Microbial communities in organic soils suppress pathogens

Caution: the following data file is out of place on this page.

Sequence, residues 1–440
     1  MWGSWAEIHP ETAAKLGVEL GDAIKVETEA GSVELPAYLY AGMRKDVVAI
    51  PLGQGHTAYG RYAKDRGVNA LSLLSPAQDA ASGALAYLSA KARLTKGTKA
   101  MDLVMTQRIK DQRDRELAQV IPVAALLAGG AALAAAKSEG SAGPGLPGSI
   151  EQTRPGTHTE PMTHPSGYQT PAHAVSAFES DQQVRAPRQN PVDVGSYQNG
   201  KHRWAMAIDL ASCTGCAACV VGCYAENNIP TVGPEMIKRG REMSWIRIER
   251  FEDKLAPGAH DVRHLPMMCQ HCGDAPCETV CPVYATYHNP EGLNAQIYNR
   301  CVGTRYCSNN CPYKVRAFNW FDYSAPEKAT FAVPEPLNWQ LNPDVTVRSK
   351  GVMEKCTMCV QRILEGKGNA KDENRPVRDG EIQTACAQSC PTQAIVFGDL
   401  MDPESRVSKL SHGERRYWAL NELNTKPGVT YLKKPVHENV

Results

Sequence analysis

Organic soils support much higher levels of biodiversity than conventional soils. It has been hypothesized that this abundance of ‘good’ soil organisms works to suppress soil pathogens such as fungi or bacteria that attack plant roots. A recent study published in the journal Applied Soil Ecology tested to see whether the soil pathogen flax wilt was suppressed more in organic soils than conventional soils. Three sets of organic and conventional soils were collected from the field, and a wide range of physical, chemical and biological properties were measured. Comparisons included, but were not limited to, the soil’s ability to hold water, total carbon, total nitrogen, pH, microbial biomass, and number of bacterial species. Flax plants were then planted in the soils and inoculated with the flax wilt pathogen. All soils were then disturbed by adding grass and clover. Researchers found that the microbial communities in organic soils were much more resilient, allowing them to more effectively suppress the flax wilt than microbial communities in conventional soils. These results corroborate the hypothesis that healthier, more resilient soil microbial communities commonly found in organic soils are important for pathogen suppression and key measures of soil health.